Trudging through a never ending dreamscape

Sidestepping, cautious through life

Hotel outside Orlando, 2011

Our eyes told stories

I’ll always remember that day

And keep it as a reminder—

That day in which you looked my way

And I didn’t have a clue who you were

And you didn’t have a clue who I was

That day in which our eyes told stories—

As to what is most important.

So if and when we lose our way, I know

Together we’ll find ourselves again—

Where eyes can say what words cannot express—

And stories, we, can only tell together.

Beautiful Days

Beautiful music plays

while I remember—the worst—

most beautiful days.

Austin’s Coffee, 2011

Insomnia: A Short Story

The television’s on.

It’s freezing in here.

I should probably be asleep, but I’m not.

It’s 4:53. It’s always 4:53, when, click, the heat turns on.

Now the draft from the window’s competing with the dull heat, which smells like last years dust, pouring through the vent, above the door, which leads to the living room where the TV’s still on.

In about an hour the sun will be up and it will be another morning.

I can’t tell yet whether or not I’ll be excited or scared, but either way, I have to write my grandmother—thanking her for the letter she sent a couple days prior—she used to fill the cards with glitter but doesn’t anymore…

Perhaps there’s a glitter shortage, I don’t know.

I’ve been pulling my beard out again, which I don’t like, but still do. Why? A doctor would probably claim it’s nerves but by this point in life I know better than that.

It’s funny really, thoughts, how they come and go as easily as a hair can be plucked from your chin.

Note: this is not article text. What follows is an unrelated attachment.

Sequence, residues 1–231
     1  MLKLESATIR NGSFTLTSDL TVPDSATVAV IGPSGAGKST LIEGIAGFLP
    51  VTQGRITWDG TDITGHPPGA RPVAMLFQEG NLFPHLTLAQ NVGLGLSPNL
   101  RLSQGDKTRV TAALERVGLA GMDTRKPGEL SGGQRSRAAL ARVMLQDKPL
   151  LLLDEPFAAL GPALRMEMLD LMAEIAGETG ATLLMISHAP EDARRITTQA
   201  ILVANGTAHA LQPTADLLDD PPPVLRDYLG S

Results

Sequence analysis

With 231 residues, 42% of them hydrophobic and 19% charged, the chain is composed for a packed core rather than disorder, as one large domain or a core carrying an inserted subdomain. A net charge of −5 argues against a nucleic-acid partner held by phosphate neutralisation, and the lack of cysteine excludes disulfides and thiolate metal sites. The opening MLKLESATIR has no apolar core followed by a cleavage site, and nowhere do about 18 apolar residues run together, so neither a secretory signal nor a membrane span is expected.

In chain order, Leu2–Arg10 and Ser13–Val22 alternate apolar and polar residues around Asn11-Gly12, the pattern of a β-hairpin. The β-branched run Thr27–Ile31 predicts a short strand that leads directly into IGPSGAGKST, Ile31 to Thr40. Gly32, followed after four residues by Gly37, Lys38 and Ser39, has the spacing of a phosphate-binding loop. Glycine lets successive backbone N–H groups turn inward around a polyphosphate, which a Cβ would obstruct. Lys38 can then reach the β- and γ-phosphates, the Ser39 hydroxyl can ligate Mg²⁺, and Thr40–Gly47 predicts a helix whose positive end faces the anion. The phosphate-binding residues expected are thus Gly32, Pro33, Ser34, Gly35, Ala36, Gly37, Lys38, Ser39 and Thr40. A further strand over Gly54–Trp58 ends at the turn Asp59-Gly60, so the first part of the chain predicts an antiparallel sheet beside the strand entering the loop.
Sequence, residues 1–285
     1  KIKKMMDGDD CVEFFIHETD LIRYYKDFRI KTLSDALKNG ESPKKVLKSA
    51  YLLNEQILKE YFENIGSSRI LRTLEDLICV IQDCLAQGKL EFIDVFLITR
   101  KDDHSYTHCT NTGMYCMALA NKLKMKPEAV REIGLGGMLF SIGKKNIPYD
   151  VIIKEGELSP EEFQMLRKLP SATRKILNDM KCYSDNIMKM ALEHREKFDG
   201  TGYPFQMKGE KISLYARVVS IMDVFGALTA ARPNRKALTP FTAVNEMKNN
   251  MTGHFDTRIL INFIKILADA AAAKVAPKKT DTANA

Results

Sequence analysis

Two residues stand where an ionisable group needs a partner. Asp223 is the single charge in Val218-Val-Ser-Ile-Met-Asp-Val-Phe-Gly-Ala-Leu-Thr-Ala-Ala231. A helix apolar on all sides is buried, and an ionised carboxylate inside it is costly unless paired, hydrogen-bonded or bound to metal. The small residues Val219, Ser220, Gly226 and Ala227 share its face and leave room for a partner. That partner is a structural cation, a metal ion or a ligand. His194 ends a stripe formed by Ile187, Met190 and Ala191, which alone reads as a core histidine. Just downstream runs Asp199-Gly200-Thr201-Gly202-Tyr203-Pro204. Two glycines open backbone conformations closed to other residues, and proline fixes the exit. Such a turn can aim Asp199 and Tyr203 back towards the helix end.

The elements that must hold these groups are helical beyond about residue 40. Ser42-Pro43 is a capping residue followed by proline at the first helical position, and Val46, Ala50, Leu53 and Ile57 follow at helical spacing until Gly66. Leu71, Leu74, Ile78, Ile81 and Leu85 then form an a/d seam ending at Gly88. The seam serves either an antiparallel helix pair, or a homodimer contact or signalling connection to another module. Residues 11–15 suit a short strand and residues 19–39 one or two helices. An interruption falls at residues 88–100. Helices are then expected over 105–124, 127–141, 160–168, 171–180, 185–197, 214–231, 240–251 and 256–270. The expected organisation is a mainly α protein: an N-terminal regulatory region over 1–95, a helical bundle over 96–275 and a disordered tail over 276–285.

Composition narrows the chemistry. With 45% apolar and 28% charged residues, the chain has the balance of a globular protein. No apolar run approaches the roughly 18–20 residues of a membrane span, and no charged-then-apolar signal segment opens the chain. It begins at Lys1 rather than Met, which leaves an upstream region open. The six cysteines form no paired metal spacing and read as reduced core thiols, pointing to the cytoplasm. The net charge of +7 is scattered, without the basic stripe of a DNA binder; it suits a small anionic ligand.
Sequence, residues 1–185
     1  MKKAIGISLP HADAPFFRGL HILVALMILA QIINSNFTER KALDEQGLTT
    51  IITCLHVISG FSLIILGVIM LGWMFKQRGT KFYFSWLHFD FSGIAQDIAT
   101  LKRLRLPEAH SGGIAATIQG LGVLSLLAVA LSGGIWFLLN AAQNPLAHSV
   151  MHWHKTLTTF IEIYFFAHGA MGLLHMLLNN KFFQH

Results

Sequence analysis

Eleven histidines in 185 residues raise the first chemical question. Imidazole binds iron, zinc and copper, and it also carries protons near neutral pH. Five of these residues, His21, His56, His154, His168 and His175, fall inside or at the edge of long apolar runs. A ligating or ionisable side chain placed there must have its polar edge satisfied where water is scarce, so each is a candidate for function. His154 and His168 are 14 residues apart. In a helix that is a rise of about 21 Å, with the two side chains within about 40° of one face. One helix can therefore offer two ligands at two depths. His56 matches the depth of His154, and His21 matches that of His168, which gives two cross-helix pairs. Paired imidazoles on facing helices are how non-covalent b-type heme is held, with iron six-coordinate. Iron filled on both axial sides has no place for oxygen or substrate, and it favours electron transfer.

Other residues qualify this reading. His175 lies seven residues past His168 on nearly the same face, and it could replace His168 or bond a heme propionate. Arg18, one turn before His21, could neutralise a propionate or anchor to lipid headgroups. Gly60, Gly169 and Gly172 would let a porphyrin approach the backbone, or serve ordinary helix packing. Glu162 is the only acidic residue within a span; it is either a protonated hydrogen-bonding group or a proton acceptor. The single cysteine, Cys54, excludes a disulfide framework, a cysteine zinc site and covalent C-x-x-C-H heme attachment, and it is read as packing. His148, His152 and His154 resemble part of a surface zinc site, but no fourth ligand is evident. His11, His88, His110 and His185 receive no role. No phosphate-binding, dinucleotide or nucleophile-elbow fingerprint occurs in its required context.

If I had eggs in the fridge I’d probably boil some for breakfast but I don’t have any because yesterday while shopping I’d debated prices in my head for what seemed like too long to be debating prices of eggs, causing an uncomfortable feeling I just couldn’t shake, making me anxious and aware that I’d been standing in the isle for what seemed like eons though was probably only a couple minutes, still, too long to be debating whether or not I wanted to pay 2.39 or 2.99 for a dozen of eggs.

The heat feels good now, while the right side of my face warms up, the left side is still dealing with the draft from the window.

Common sense tells me to close the window though my better judgement says to just let it be. What’s the point, really?

It’s 5:06 now. It’s always 5:06.

The repetitive nature of this statement keeps recurring in my mind as if the idea isn’t fully mine, though I use it anyway.

Perhaps it’s my conscious mind coming back to me? Perhaps it’s programming I just don’t have the strength to deny, either way…whatever.

It’s 8:08 on the East Coast. My mother’s probably pouring coffee, reading the morning news. My brother’s probably already dragged himself from bed and into work. My nephew’s to school. My sister-in-law to her studio where she makes jewelry from metal and her imagination.

Their routine gives me comfort because right now I don’t have one.

This pandemic has us all in a pretty weird state of affairs, though, my affairs have always been pretty weird now that I think about it.

At least I’m writing again. That’s good.

Everything is pretty all right right now—knock on wood.

And what if this is as good as it gets? Hog wash.

At least it’s warm in here, closing the window, watching the sun rise.

My nail beds are long. I’ve always been told that. “You’ve got piano hands,” they said once, go figure, I don’t play—if I did this would probably make for a better story though, well, you know.

Turning off the TV seems irrational as it’ll just get turned on again tonight, unless, unplugging the TV—Ah! That’s better.

Insomnia, it’s the breakfast of champions.

Now, where was I? Oh yes, the letter.